Kenyans will go to the polls to vote in general elections on August 8, 2017, against a backdrop of mounting political tensions, increased competition and fears of electoral violence.  

Current Context

The level of competitiveness of the presidential race, the nature of campaign rhetoric and the degree of confidence citizens have in the electoral process will serve as key indicators of the likelihood of electoral violence. The Independent Electoral and Boundaries Commission (IEBC) remains besieged by numerous lawsuits—hampering the Commission’s ability to focus on final election preparations and further eroding public confidence in the electoral process.

While the 2013 general elections proceeded relatively peacefully, Kenyans were traumatized by the 2007-2008 post-election violence in which nearly 1,500 people died. Recent attacks by al-Shabaab in northeastern Kenya and Lamu County have led security forces to introduce curfews in those areas, and the fear of further attacks could drive down voter turnout. Tribal and pastoral clashes in other parts of the country are also heightening local tensions.

Candidates and their campaigns continue to use social media for both conventional campaigning and to threaten opponents. The Kenyan government has arrested one parliamentary candidate for hate speech, and several other investigations are ongoing. Some communities have reported an increase in the purchase of weapons during the campaign period, and many citizens are reportedly planning to return to their villages for Election Day in an effort to avoid violence.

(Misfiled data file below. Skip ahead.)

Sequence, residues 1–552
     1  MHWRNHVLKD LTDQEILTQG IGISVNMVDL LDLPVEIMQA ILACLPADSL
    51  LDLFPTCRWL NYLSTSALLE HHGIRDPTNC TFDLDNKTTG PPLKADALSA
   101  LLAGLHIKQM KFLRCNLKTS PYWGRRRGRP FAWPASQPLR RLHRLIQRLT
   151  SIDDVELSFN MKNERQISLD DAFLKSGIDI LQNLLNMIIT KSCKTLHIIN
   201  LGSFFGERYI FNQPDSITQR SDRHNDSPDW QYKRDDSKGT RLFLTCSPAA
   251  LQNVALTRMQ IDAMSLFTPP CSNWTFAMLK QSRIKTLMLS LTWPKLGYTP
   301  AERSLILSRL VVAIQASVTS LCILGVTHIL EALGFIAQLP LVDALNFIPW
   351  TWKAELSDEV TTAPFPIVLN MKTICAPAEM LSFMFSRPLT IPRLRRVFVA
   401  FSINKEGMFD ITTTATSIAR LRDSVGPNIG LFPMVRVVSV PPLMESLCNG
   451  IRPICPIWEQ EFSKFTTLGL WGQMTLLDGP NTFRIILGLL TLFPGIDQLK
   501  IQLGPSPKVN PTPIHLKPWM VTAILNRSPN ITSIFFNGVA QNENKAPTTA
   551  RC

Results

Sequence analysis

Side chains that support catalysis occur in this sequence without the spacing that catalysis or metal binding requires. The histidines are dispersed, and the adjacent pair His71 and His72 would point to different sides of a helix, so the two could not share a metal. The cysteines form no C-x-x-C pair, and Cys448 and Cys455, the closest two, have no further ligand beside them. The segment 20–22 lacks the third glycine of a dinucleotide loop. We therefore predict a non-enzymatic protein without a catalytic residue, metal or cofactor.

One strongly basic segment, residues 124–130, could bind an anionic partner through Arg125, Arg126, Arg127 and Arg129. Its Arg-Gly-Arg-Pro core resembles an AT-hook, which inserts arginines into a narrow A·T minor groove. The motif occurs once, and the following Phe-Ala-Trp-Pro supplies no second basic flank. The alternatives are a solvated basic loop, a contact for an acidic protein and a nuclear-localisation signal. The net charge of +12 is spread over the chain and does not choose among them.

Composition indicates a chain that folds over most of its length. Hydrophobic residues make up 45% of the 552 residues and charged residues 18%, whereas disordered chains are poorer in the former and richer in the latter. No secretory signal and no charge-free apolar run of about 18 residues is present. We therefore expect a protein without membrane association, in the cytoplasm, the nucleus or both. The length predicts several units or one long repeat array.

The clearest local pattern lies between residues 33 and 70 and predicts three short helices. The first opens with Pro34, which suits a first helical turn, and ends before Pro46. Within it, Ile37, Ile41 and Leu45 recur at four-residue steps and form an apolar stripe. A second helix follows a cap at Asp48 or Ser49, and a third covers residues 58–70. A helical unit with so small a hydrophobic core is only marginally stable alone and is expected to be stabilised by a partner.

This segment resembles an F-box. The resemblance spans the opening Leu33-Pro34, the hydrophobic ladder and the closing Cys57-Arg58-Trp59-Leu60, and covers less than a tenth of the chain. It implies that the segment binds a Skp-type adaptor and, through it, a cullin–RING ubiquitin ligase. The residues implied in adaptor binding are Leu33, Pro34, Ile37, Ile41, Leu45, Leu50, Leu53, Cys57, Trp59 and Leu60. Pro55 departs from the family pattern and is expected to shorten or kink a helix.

Election Outlook

While most national public opinion polls show Kenyatta with a slim lead, a few show Odinga leading by one or two percentage points. To win in the first round, a single candidate must attain both more than 50 percent of the total votes as well as 25 percent of the vote in half of Kenya’s 47 counties. It will be very difficult for one candidate to achieve both criteria and the election may therefore go to a run-off.

It is unclear whether the government and the IEBC are prepared for a run-off, or for a transition of power in the event Odinga wins. Moreover, the Supreme Court does not appear to have the capacity to properly adjudicate disputes if one of the candidates were to reject the results. Given the heightened political tensions between Kenyatta and Odinga supporters and the increased competition at the county level, post-election protests are likely, and there is a chance that violence may break out if the veracity of the results is called into question.

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